Chinese New Year officially ends this week, but for Hong Kong–based Charles Wang, chief executive officer of Chinese asset manager E Fund Management (HK), the weeklong holiday was not restful at all.

That is because he and his team have been busy preparing for the coming launch of a 1.1 billon yuan fund, which will be among the first batch of renminbi-denominated mutual funds approved by the Chinese government to be raised in Hong Kong.

With the new fund raisings, E Fund’s assets under management double to nearly $400 million, which is not bad considering that the Guangzhou-based asset manager set up shop in Hong Kong in 2008. “We see explosive growth in the coming few years,” Wang says, adding that the experiment, also known as RMB Qualified Foreign Institutional Investor scheme (RQFII), likely will be expanded with more quotas given later this year.

E Fund is among a group of 21 mainland fund managers and brokers that are kick-starting a Chinese-government experiment allowing Chinese financial services companies to raise yuan funds in Hong Kong for investing in mainland markets.

The scheme is the latest addition to China’s renminbi internationalization efforts. Chinese authorities have approved the 21 firms to raise a combined 20 billion yuan in Hong Kong.

The launch of the new RQFII mutual funds comes only a few months after Chinese Vice Premier Li Keqiang announced the program during a speech at the University of Hong Kong in August.

Hong Kong’s offshore RMB market is likely to heat up this year. Officials from China Securities Regulatory Commission announced at the Asian Financial Forum held in Hong Kong in mid-January that they would be encouraging Chinese companies to begin seeking yuan-denominated initial public offerings in Hong Kong as well.

“Hong Kong is an axis of capital,” E Fund’s Wang says, adding his RQFII mutual fund will have a fixed-income theme, investing primarily in Chinese corporate and government bonds. “Many global players want access to capital — to Chinese capital. Chinese financial players want access to global capital. Hong Kong offers a competitive platform for Chinese asset managers as well as global players.”

Demand in Hong Kong for exposure to Chinese bonds and equities comes despite the fact that China’s CSI 300 index fell 16 percent in 2011, the result of the government’s efforts to cool the economy and to prevent speculative investments, particularly in real estate.

Despite fears of a “hard landing,” Chinese authorities announced on January 17 that the country’s GDP grew 9.2 percent in 2011, down from 10.4 percent a year earlier, which is not bad considering that most developed markets did not grow at all and are on cusp of falling into recession again. China, most economists believe, will slow down in 2012 but still will maintain a minimum of 8 percent GDP growth.

At the center of Hong Kong’s optimism is China’s will to make the city its primary offshore RMB trading center.  This gives local banks the opportunity to offer all kinds of RMB-linked products, including RMB-denominated bonds and funds, which is proving to be an attractive investment option for global asset managers. China’s experiment is leading to the introduction of all kinds of new investment instruments in Hong Kong aimed at both China-based and global asset managers.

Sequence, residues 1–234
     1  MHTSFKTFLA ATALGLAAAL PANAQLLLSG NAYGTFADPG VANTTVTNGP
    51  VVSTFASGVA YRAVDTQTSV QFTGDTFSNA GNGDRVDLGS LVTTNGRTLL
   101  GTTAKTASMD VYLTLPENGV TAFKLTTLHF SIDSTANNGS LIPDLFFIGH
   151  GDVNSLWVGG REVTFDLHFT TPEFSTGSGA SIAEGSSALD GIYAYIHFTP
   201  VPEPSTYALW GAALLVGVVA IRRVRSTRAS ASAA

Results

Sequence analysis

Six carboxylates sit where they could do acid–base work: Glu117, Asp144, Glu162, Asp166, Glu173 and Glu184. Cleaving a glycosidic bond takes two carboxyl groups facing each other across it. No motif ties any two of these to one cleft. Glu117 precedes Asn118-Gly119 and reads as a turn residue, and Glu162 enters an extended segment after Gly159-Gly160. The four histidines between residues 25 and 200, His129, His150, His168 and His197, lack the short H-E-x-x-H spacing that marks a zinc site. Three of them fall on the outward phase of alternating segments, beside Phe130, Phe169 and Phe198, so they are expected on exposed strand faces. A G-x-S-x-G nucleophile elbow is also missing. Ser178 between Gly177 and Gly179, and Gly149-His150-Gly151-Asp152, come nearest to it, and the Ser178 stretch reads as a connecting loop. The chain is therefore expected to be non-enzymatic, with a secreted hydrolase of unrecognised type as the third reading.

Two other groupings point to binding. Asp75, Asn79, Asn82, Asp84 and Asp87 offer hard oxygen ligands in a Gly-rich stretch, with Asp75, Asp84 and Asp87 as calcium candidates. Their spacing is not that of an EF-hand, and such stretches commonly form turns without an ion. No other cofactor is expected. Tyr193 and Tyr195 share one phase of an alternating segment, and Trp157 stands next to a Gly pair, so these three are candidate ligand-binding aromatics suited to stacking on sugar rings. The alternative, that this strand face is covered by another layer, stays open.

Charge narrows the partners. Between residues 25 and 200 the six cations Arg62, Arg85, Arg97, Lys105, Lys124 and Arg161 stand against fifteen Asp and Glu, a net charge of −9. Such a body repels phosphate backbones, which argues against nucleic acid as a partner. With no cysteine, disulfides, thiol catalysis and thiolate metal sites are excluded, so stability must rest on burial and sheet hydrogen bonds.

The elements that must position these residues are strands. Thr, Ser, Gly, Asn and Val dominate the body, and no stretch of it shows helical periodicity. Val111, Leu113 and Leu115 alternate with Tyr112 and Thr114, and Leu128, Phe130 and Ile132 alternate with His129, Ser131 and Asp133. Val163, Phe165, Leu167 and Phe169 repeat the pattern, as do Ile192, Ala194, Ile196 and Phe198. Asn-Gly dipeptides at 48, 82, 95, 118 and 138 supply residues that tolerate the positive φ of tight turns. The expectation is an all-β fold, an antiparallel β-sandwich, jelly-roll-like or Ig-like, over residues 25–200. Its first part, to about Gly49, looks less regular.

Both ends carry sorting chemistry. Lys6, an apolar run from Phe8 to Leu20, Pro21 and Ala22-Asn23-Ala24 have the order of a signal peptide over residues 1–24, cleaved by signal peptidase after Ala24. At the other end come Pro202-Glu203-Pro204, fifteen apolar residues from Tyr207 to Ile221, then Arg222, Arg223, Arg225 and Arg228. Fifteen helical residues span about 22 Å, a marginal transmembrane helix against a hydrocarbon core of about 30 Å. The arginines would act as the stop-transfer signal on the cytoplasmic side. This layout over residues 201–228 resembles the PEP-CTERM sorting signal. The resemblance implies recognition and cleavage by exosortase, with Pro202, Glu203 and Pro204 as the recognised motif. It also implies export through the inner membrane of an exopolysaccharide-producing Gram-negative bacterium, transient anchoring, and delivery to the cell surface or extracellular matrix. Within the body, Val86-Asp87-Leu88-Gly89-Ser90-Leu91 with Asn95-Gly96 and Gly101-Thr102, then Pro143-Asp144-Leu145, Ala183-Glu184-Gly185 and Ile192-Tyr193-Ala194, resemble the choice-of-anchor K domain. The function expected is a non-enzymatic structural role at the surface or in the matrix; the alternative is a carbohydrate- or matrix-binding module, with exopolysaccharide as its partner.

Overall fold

For example, Renminbi bond issues —  also known as dimsum bond issues — topped 100 billion yuan in 2011, almost three times the 36 billion yuan in 2010; and bank deposits topped 600 billion yuan, up from 259 billion yuan at the beginning of 2011, according to the Hong Kong Monetary Authority.

Even though China is now the second-largest economy in world, it remains difficult to invest in China’s capital markets as the government has restricted access by limiting global asset managers to quotas known as Qualified Foreign Institutional Investor schemes, or QFII. 

So far, only 135 QFII licenses have been handed out with funds totaling $21.6 billion, less than 1 percent of the market cap of China’s stock markets, according to Shanghai-based research house Z-Ben Advisors. In a move to show that they are loosening up, however, Chinese authorities handed out 14 QFII licenses in December alone, equivalent to the total number handed out in the previous 11 months.

China is also allowing more of its own financial services companies to expand operations in Hong Kong. So far, there are ten Chinese asset managers with operations in Hong Kong, and three more are on the way as they only recently received regulatory approval from mainland authorities, says Tony Skriba, an analyst with Z-Ben Advisors. A total of 15 Chinese brokerages also have set up subsidiaries in Hong Kong.

A total of 29 mainland brokers and asset managers have been granted licenses by authorities to set up “Qualified Domestic Institutional Investor” funds (QDII) in Hong Kong, which allow them to raise capital from mainland Chinese investors to buy Hong Kong equities.

“Despite rapid development and improvement of onshore financial markets, many Chinese firms feel they are unable to gain global experience unless they head to Hong Kong,” Skriba says. “Hong Kong is also close enough to their comfort zone — at least in investment expertise — that it makes a natural first step,” says Skriba, adding that most Chinese brokers and asset managers still specialize in offering China-themed products to global investors through H-shares.